I’ve written about bullying before. I’ve spent thousands of hours thinking about bullying and, in particular, my experience with bullying. Last night, I watched Jesy Nelson’s documentary Odd One Out. I was struck by how profoundly emotional and moving it was; how many home truths it hits.
Because it’s true: once someone has been bullied, they will never, ever be the same again. It is taking a part of them that just can’t be given back. It can’t be rebuilt. It can’t be made better.
It’s the silly things. I will never cut my hair short. Everything I say is filtered. I don’t trust people in the same way. I find it hard to accept that people are my friends because they like me. For a long time, I struggled to understand that Kate isn’t an inherently bad, weird person. Sometimes I felt that I wasn’t a complete person at all.
I have had two lives. The first life stopped in September 2003. The first life was about being outgoing and gregarious; about feeling loved and safe. I got a purple jumper with a star on it for my tenth birthday and wore it until it fell apart; I didn’t care about my horrendously crooked teeth, or that I had to have braces when I was eight. I didn’t really care that I had tousled, short hair because – even if people mistook me for a boy occasionally – I knew myself. I knew who I was.
The second life began when the first one shattered. My overriding memory of the first chunk of that time is of feeling dirty, of an uncleanliness that wouldn’t go away. Looking back, that feeling was the germination of self-disgust. I stopped going out; stopped loving life; couldn’t stand at a bus stop by myself; couldn’t make myself eat because I felt constantly sick (long before the eating disorder took hold).
My life changed overnight. There was nothing wrong with me – although as I type that, I’m wondering whether I am confident enough to say that, whether there’s something I’ve missed about myself – but other people came together over their shared hatred of me. People underestimate the power of children, the power of words, but it’s all too true that within the space of a month, the memories that stick out most change from feeling the warmth on the back of my legs on a bench in the Isle of Wight to trying to hold back tears because the only advice anybody could give me was to ignore it when the others put glue on my seat or ran away from me as I tied my shoelace.
This, by the way, is the worst piece of advice you can ever give anyone about bullying. You can’t ignore things people say about you in the same way that you can’t ignore being scratched by a cat: it stings, whether you’re looking at it or not. Why should bullies get to carry on being vile people whilst everyone else tiptoes around them, allowing them to carry on with their sadistic games? Why do we not take action? What makes any of it acceptable?
The change was profound. In September, 2003, I first felt the lump in the back of my throat like I wanted to cry.
It never left.
In September 2003 I became an introvert. People often mistake introverts for being more interested in reading a book that going out; for preferring their pyjamas to their normal clothes. Being introverted is actually being so painfully self-containing that you can’t tell people you love that you’re hurting; it’s believing you’re so bad that you deserve the hatred you’re having heaped upon you; not wanting to speak for fear of being noticed. It’s crying for days and days on end because your voice is so lost you have to revert back to infant-like ways of communicating distress.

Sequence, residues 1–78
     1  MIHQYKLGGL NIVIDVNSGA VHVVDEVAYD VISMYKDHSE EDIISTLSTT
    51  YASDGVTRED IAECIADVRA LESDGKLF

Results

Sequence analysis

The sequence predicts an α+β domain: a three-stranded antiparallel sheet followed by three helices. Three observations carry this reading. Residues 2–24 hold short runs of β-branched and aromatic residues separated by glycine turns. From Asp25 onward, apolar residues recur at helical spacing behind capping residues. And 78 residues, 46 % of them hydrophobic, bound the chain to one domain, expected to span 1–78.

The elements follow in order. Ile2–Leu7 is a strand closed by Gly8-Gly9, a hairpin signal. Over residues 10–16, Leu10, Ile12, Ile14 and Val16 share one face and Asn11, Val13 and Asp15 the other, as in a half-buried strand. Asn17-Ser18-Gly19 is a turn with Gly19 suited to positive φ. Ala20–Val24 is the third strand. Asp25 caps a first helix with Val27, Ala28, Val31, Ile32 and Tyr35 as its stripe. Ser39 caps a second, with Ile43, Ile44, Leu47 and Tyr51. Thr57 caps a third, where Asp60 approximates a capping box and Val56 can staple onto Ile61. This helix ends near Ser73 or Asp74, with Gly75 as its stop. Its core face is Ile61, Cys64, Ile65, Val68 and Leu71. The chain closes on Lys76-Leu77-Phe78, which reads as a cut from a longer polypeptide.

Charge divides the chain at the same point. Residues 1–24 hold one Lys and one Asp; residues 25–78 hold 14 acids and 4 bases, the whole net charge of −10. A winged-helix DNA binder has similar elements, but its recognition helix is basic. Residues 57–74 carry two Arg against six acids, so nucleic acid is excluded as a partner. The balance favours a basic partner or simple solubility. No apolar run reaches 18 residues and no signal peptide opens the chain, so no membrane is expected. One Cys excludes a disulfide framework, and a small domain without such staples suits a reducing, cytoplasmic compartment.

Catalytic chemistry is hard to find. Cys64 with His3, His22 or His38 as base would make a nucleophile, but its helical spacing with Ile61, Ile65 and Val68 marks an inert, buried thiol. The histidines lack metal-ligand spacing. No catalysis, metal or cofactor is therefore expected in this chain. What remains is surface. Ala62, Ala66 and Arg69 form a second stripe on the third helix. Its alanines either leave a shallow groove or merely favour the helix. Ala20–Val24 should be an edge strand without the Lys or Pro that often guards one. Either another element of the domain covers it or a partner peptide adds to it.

It’s forgetting that you’re being bullied in the first place, and only remembering ten years later.
My therapist told me that I’ll never get an answer to why. She says that I have to stop letting it eat up my insides and free myself from the torture of wondering. She says that waiting for an apology is a waste of my life.
But I can’t stop. I can’t stop wondering, hoping that one day, someone will be as brave as I was forced to be – as an eleven year old with tousled hair and snaggle teeth and a lump in her throat, trying to bat off the suggestions that I was disgusting and dirty and that it was OK for people to hurt me over and over again – and tell me why they chose me; what made them so relentless in their campaign against my existence. I can’t stop remembering that feeling that somehow I had to change; that this was all my fault. I can’t stop remembering being an eleven year old who used to shut her eyes tight and hope against hope that she might get a serious illness so that she could miss school.
No eleven year old – or five year old, fifteen year old, twenty eight year old, seventy year old – should be driven to the point of wanting to be dead because other people feel that they have the permission to wield that power.
I have been beyond lucky that – since that time – I have been able to start looking for a new me (because the old one won’t ever come back) with my extraordinary family and friends.
I guess that this is the part where I should say I’ve come to terms with the five years of hell that I was put through at the hands of some of the students and staff of the Minster school (not the ones who let me eat lunch in their classroom, or talked to me at break times or made me feel safe). I’m not going to and I never will.
Ignoring bullying is unforgivable.
Ignoring someone begging for your help is unforgivable.
Bullying is unforgivable.